It circulates a habit of planning time. On a white sheet, allocate a time period for each of the tasks listed. Allocate the right amount of time for each task, not too much, not too little. Accommodate for time loss that external factors could cause to a task.

3. Rank tasks
Prioritize them according to their significance and their impact on tasks that follow. If time is at a premium, you would know to what to do immediately and what can be done later. Also keep in mind the likely impact of the tasks on your long term plans.

4. Schedule tasks
Do things at the right time - never too early nor too late. Do not lose heart if your scheduling goes awry. An ability to schedule activities appropriately in the chain of events would mature as one matures in time management skills.

5. Attempt Small tasks
Split big tasks into smaller activities. You can do each one of them in a fixed period of time. Arrange the overall bits in order of their importance in the scheme of the big technique hand.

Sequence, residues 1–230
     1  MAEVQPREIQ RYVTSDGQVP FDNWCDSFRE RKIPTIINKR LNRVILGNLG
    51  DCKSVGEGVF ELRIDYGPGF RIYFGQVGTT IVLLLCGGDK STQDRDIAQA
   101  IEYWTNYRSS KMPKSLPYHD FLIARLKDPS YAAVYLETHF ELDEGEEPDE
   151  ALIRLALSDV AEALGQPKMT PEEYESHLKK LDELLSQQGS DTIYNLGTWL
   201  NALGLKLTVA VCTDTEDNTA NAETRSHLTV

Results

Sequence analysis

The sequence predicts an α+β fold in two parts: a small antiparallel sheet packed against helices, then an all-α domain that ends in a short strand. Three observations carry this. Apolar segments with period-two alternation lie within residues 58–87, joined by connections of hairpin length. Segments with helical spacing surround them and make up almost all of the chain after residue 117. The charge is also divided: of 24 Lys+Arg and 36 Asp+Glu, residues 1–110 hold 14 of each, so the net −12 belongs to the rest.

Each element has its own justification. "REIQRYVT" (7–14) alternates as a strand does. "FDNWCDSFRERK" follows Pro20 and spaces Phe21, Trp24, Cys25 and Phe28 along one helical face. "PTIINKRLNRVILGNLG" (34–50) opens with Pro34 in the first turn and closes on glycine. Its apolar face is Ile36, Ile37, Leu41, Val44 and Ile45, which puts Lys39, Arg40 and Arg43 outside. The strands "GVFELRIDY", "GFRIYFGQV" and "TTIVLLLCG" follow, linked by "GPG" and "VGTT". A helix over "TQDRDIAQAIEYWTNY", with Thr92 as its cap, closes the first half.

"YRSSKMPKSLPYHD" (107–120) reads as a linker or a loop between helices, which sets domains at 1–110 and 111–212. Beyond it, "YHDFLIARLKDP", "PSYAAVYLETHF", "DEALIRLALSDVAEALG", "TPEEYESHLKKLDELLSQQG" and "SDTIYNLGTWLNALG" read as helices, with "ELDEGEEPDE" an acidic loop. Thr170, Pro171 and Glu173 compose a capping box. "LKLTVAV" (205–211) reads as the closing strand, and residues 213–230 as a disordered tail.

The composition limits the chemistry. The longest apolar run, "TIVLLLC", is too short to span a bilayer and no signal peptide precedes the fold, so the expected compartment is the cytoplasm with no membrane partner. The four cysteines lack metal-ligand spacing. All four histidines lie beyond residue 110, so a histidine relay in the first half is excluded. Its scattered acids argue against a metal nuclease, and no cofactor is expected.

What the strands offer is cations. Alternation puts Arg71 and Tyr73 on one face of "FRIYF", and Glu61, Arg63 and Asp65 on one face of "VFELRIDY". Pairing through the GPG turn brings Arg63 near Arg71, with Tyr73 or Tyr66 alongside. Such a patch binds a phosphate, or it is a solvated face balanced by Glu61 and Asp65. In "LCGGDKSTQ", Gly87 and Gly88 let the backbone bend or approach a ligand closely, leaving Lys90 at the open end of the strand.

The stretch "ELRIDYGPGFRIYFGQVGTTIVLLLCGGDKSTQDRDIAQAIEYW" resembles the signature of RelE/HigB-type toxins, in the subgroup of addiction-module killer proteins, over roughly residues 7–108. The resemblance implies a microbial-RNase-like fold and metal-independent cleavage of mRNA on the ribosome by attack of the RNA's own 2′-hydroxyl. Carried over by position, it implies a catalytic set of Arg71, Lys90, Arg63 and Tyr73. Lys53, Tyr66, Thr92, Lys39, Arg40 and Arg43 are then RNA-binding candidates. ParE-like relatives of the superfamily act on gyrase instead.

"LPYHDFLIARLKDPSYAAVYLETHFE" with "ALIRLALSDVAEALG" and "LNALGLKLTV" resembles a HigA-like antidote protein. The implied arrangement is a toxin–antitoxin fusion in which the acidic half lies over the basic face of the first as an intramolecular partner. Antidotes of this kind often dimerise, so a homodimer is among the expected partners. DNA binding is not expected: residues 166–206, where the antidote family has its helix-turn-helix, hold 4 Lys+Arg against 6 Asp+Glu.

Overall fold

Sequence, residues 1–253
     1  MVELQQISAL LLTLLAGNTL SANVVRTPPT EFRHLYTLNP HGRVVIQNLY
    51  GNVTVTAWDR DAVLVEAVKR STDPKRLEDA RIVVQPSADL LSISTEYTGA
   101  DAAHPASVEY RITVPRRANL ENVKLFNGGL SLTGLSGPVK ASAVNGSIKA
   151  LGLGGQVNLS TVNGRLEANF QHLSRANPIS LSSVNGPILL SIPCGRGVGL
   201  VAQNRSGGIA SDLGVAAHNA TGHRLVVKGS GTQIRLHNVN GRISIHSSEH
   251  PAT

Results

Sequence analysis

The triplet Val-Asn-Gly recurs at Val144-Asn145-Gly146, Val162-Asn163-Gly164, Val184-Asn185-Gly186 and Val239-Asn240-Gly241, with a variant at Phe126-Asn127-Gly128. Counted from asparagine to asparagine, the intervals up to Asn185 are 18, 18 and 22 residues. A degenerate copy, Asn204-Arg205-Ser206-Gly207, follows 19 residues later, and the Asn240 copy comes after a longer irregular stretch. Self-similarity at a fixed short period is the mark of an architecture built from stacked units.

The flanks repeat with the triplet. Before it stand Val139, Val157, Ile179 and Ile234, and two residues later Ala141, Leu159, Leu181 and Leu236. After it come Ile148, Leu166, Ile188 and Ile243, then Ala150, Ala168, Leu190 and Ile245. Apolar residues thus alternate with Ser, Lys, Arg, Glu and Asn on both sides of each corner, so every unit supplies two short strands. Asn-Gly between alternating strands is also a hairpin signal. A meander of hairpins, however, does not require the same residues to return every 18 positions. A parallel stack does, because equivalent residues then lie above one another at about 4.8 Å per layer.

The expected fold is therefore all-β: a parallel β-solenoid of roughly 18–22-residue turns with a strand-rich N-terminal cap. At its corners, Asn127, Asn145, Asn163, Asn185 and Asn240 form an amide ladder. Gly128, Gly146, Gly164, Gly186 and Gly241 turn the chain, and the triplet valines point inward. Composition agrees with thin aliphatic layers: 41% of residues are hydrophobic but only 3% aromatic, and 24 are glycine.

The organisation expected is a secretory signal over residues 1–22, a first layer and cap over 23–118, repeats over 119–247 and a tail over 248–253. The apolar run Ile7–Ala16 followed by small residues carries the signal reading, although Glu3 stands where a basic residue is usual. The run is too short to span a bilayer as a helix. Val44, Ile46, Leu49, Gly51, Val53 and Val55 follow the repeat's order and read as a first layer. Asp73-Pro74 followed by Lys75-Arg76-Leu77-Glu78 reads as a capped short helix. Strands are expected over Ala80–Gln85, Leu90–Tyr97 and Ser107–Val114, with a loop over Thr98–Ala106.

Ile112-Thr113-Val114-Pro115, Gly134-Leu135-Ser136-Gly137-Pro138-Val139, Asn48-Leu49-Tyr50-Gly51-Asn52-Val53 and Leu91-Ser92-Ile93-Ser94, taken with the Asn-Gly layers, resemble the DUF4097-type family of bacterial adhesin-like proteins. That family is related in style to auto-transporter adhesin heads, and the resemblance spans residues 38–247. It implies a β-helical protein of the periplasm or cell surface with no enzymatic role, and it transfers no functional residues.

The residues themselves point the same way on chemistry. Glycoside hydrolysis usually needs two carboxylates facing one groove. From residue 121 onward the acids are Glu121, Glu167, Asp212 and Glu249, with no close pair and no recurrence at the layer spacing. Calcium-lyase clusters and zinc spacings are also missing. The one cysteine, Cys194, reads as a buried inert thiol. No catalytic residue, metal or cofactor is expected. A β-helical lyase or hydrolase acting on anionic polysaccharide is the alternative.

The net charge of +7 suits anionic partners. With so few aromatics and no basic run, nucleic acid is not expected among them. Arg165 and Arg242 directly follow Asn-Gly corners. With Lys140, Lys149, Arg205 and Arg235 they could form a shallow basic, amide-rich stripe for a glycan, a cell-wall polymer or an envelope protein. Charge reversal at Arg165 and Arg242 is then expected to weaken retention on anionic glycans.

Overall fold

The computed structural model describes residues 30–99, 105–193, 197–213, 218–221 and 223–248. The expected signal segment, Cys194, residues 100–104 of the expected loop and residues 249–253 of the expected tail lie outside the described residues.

6. Focus on each task
Provide all your attention to the current ability being executed, no matter how mundane it may be , paying little attention to whatever has gone by.

7. Compare results
Introspect to analyze. Review plans & the net results. If this is not satisfactory, look at areas which would bring improvement the next time you are performing the similar activity.

The ability to concentrate and to use time well is everything.
- Lee Iacocca


A = Must Do
B = Should Do
C = Nice to Do
D = Delegate
E = Eliminate

- From 'Eat That Frog!: 21 Great Ways to Stop Procrastinating and Get More Done in Less Time' by Brian Tracy

1. What will I try to improve on next week?
2. What was I most proud of this week?
3. What was my biggest accomplishment this week?